Good morning everyone! I am really starting to be ready for the weekend, how about you?
Today’s scripture: Luke 1:68-79
“Blessed be the Lord God of Israel, for he has looked favorably on his people and redeemed them. He has raised up a mighty savior for us in the house of his servant David, as he spoke through the mouth of his holy prophets from of old, that we would be saved from our enemies and from the hand of all who hate us. Thus he has shown the mercy promised to our ancestors, and has remembered his holy covenant, the oath that he swore to our ancestor Abraham, to grant us that we, being rescued from the hands of our enemies, might serve him without fear,in holiness and righteousness before him all our days. And you, child, will be called the prophet of the Most High; for you will go before the Lord to prepare his ways, to give knowledge of salvation to his people by the forgiveness of their sins. By the tender mercy of our God, the dawn from on high will break upon us, to give light to those who sit in darkness and in the shadow of death, to guide our feet into the way of peace.”
“The true contemplative is not the one who prepares his mind for a particular message that he wants or expects to hear, but who remains empty because he knows that he can never expect or anticipate the word that will transform his darkness into light. He does not even anticipate a special kind of transformation. He does not demand light instead of darkness. He waits on the Word of God in silence, and when he is ‘answered,’ it is not so much by a word that bursts into his silence. It is by his silence itself suddenly, inexplicably revealing itself to him as a word of great power, full of the voice of God.”
-Thomas Merton, quoted in Angelic Mistakes: The Art of Thomas Merton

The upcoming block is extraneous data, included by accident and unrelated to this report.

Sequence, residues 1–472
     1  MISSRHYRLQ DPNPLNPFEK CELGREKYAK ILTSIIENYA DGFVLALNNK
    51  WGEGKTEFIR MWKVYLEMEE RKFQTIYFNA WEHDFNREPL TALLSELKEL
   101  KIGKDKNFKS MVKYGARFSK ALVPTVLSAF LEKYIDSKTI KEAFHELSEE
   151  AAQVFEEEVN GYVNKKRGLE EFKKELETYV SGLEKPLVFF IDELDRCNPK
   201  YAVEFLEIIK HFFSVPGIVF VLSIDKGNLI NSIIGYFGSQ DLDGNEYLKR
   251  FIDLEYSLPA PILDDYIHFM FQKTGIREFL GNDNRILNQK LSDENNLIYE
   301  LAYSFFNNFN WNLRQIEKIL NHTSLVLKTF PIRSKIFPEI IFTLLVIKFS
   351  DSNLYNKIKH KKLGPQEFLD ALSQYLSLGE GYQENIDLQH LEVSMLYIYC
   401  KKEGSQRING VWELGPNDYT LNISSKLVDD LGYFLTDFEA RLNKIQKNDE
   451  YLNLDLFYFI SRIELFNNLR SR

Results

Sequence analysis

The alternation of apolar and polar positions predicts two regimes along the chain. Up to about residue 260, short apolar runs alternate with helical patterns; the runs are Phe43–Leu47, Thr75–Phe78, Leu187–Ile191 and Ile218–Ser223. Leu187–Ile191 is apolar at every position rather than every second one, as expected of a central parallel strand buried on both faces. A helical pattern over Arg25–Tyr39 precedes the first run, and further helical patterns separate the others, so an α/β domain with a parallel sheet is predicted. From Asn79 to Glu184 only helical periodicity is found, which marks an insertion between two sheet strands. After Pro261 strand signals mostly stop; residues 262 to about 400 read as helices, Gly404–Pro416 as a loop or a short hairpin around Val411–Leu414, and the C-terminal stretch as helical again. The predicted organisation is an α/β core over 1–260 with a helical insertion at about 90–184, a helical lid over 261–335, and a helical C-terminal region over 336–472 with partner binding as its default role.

The scripture this morning comes from Zechariah, John’s dad. When Elizabeth discovers that she is pregnant, Zechariah no longer can speak until he is born. This all plays into the story of the nativity for Luke. John’s story is so intertwined to Jesus’ story that we know just as much about his birth and his parents. Zechariah is a priest and because he does not believe the angel of God he must be silent until John is born. What does he do during his silence? He waits for new life, not fully knowing if his voice will be restored. I am guessing that Zechariah does a lot of praying, watching, and preparing for whatever may come next. He has to use this new darkness to reconnect with God.
This reminds me of the Merton quote just up above. When we make room in the darkness to whatever may come, we may room for the voice of God to burst in. Last night at Bread and Wine, our new Wednesday night worship service, we got into a little debate about what is Advent. Is it a time to come into ourselves to reflect or a time to burst open with God’s word. And the response seemed to be both. We are motivated in the season to find stillness in ourselves which prepares us into action. Our time of silence, much like Zechariah or Thomas Merton, prepares us to sing out the good things of God. I also have come to believe that that silence is not a bad thing, it opens ourselves up to what can be in the future. For Zechariah, the silence started as a punishment but I bet a little piece of him was sad to be made loud again. He got to observe everything and just be. For Merton, that waiting is not a demanding time but one in which we are flexible to receive where God would have us next and where God is transforming the world.
Sometimes our definitions in Advent get a little muddled and we forget where we are preparing and for what in that silence. As another tool in our toolkit I offer you this quick 2 minute video for a quick reminder if you get lost….
Enjoy and I will chat with you tomorrow!